Cody Wilson, the founder of Defense Distributed, said he received 400 orders for the blueprints for 3D-printable guns during a news conference Tuesday. (Jorge Sanhueza-Lyon / KUT)
The Austin-based company at the center of a lawsuit over 3D-printable guns will send plans directly to customers, its founder said Tuesday, a day after a federal judge blocked the State Department from letting the company publish the files online for free.
Defense Distributed and its founder, Cody Wilson, have been trying to put the designs on the internet for years. At first, the State Department blocked their publication, citing international arms export rules. But earlier this year, the government settled with Wilson, carving out an exception to those rules.
Nineteen states and the District of Columbia sued, saying the publication would put residents at risk from the untraceable, DIY guns.
On Monday, U.S. District Judge Robert Lasnik in Seattle issued a temporary injunction, putting a hold on the State Department’s settlement with Defense Distributed.
“3D-printed guns represent a supreme threat to our safety and security, and we are grateful that Judge Lasnik recognized it as such,” Avery Gardiner, co-president of the Brady Center to Prevent Gun Violence, said after the order. “But we also recognize that the menace does not end here. Already, there have been a wave of dangerous actors seeking to illegally post the blueprints online. We are committed to doing everything in our power to prevent this threat from continuing further.”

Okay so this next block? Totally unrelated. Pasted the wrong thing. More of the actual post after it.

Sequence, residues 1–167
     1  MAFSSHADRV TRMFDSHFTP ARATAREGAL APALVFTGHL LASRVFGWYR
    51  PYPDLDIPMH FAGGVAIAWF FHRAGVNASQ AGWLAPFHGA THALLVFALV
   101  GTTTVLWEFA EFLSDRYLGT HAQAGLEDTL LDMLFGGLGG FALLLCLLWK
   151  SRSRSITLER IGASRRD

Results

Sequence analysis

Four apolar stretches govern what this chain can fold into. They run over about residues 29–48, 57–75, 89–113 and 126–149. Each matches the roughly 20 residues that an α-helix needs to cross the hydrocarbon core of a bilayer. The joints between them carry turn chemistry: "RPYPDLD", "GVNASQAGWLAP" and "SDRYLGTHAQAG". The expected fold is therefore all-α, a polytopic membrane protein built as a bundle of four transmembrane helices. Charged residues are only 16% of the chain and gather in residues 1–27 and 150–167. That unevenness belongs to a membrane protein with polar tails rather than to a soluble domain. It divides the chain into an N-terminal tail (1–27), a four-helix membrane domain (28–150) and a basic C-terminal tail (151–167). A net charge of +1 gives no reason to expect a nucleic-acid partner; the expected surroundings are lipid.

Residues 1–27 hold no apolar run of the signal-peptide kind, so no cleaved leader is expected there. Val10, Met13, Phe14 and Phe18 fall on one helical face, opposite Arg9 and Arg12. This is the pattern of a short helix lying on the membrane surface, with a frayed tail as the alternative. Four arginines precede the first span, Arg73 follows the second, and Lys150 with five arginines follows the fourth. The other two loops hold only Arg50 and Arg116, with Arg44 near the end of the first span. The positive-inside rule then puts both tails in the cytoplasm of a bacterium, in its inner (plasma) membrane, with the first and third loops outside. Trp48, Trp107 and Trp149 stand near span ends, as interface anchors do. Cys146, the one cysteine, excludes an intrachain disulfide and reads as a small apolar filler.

In his order, Lasnik said federal regulations mean “the files cannot be uploaded to the internet, but they can be emailed, mailed, securely transmitted, or otherwise published within the United States.”
Now, Wilson is doing just that.
At a news conference Tuesday, Wilson said his company will mail USB drives to customers, who can pay whatever they want. By the end of the event, Wilson said he’d already gotten more than 400 orders.
He also suggested Defense Distributed may send the files through email or secure transfer online.
Wilson has framed the issue in terms of the First Amendment. He argues he has a right to post the files because they are speech. Ultimately, he says, he sees the legal battle over the 3D-printable designs as good for his business and good for his cause.
“There are many, many people who will have to take an interest in this — for or against — but [who] wouldn’t have otherwise even cared about it if it wasn’t being opposed,” he said.